The extended range fitness test
Offering an extended range can breathe new life into retailers but how can you make sure you compete effectively? Team work is the key, as Virtualstocks Tim Hay-Edie explains
Multi channel retail requires cross functional teams to work together like elite athletes in a never-ending relay race. To compete in extended range retail your Commercial, Operations, and IT team must extend themselves to win.
Your buyers may have selected new products and suppliers to range, but without something seemingly minor like a vendor code, the onboarding process false starts. The supplier may be blocked by Finance, Legal, or Compliance & Risk. The question is: do extended range suppliers need to go through the same qualification process that stocked-in suppliers do? For example, can your lawyers provide a fast track contract?
There are also fresh approaches available to the Compliance & Risk challenge. These services can now be outsourced to 3rd party monitoring agencies that provide daily reports on every supplier’s cyber risk profile - a proactive approach to GDPR compliance.
If getting new suppliers into the system is taking too long, perhaps the quickest way to range more products is to go to your existing suppliers and pull from their untapped product range. The issue now becomes incentivising your Commercial team to take an interest. If your buyers are paid on gross margin then dropship products will be neglected. The cost-to-serve formula takes into account the cost of warehousing your stocked-in products. Do your buyers take into consideration insurance, depreciation, obsolescence? Or correspondingly, are the lower margins of extended range compensated as they do not include the inventory cost?
The Commercial team need not take risks, they can simply use extended range to test new products in new product categories. They can go to the long tail, and step outside the tight concept of premium, standard and budget ranges within a given product category.
Beyond cost-to-serve there are other tools to help buyers decide what products to range. There are price comparison APIs to model anticipated margin. There are APIs to a product’s Amazon sales history (i.e. is the product fresh or rather long in the tooth?) Considerations that further contribute to the core vs. extended range decision.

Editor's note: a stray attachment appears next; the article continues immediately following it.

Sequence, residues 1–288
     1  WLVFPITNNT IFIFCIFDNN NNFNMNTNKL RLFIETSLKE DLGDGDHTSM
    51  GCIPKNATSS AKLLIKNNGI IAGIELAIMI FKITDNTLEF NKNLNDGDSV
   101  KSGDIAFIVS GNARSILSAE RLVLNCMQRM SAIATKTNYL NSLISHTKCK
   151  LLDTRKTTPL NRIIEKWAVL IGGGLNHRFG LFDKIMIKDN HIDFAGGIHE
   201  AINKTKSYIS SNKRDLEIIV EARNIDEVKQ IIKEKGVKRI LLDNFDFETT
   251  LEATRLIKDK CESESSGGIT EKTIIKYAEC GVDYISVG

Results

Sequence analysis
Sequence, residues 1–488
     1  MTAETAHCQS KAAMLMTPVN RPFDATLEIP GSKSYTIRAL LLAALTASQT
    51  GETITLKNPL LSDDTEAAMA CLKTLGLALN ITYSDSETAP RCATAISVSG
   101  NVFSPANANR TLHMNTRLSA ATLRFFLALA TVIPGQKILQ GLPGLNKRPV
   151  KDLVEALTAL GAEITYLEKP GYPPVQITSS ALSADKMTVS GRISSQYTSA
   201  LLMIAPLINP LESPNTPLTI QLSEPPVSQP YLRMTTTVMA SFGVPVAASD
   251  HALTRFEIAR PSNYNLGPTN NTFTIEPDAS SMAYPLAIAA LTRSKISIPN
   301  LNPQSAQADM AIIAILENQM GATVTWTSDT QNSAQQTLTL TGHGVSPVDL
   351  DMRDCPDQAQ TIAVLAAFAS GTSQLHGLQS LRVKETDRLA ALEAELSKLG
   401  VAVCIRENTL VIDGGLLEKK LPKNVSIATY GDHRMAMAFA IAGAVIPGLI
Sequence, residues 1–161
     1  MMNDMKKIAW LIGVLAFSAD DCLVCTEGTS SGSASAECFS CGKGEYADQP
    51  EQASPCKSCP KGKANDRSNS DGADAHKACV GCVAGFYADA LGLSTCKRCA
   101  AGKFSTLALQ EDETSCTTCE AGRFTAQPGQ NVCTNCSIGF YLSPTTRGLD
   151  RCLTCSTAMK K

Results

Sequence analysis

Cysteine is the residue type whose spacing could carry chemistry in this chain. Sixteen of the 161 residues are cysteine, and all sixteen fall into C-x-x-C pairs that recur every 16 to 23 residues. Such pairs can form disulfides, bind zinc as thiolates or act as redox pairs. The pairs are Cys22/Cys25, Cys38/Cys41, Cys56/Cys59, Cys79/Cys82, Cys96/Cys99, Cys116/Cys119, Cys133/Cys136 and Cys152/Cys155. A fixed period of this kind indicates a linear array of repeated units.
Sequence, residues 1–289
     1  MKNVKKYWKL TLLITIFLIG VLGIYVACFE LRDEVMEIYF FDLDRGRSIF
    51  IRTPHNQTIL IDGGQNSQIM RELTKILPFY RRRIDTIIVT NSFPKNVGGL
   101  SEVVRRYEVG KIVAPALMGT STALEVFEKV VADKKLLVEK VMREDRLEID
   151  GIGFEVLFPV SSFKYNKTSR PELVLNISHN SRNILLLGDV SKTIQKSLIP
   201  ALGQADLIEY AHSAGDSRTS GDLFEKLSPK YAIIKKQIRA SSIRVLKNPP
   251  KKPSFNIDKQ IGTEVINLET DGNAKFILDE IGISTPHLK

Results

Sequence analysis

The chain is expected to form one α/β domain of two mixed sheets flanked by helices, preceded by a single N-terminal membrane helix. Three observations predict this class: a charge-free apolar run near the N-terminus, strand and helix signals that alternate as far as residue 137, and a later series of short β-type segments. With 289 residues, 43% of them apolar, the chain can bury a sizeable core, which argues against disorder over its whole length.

Once a new range of products has been selected, and the cost price agreed, your Content teams now need to get the product data in shape for the webstore. Speed to market is a sprint you want to win. New Line Forms and other spreadsheet templates are the bane of every supplier’s existence. Imagine that each retailer will have their own set of attributes, requirements and approvals.
The pain is often applied to both sides: the supplier needs to populate the New Line Forms, submit them and wait for feedback. Your Product team need to check them, fix, or send them back… and once they pass muster, often mindlessly re-key the product data into your content systems. Is there a better way to manage this? And are all those data attributes required? While it is important to have a rich data set to better inform customers, is it necessary to mandate data requirements relating to numbers on a pallet, and dimensions for shelf space - can your Product team be flexible here?
If you are offering extended range and additional choice on your webstore, then provide tools so customers can make informed decisions. Leverage your data model to allow product comparison widgets and alternative product suggestions - something eCommerce pureplays find more difficult as they do not curate their ranges and have limited data models.
And why not use your buyers as subject matter experts on your webstore? Do they have insight your customers would value?
When orders begin to flow the focus now changes to the Order Management Systems (OMS) and the Operations team. Clearly the platform should be able to take on more products, and the related order volume, and scale with it (despite your antiquated technology stack!)
The OMS should also allow the Operations team to focus on exceptions - without sweating profits on new resource requirements. The Operations team should be able to monitor in real-time every stock level, order status and delivery status. Issues should be brought to their attention before they impact the customer experience. The Customer Service team should have full order visibility and the ability to instant message suppliers. Supplier performance should be measured in real-time so remedial action can be requested - or they are cut from the list.
And if you go to the effort of offering extended range, customers should have the convenience of Click & Collect, and return to store. One advantage you have over eCommerce pureplays is your store network - extended range has to benefit from this too.
Extended range can bring new life to a retailer. To make it a success you need each team to work together as a team. All roles across the functions need to question existing practices and ensure you have the right tools in place to maximise the benefits. It’s a mix of process and platform: the fittest wins.
Extended Range Fitness Self Assessment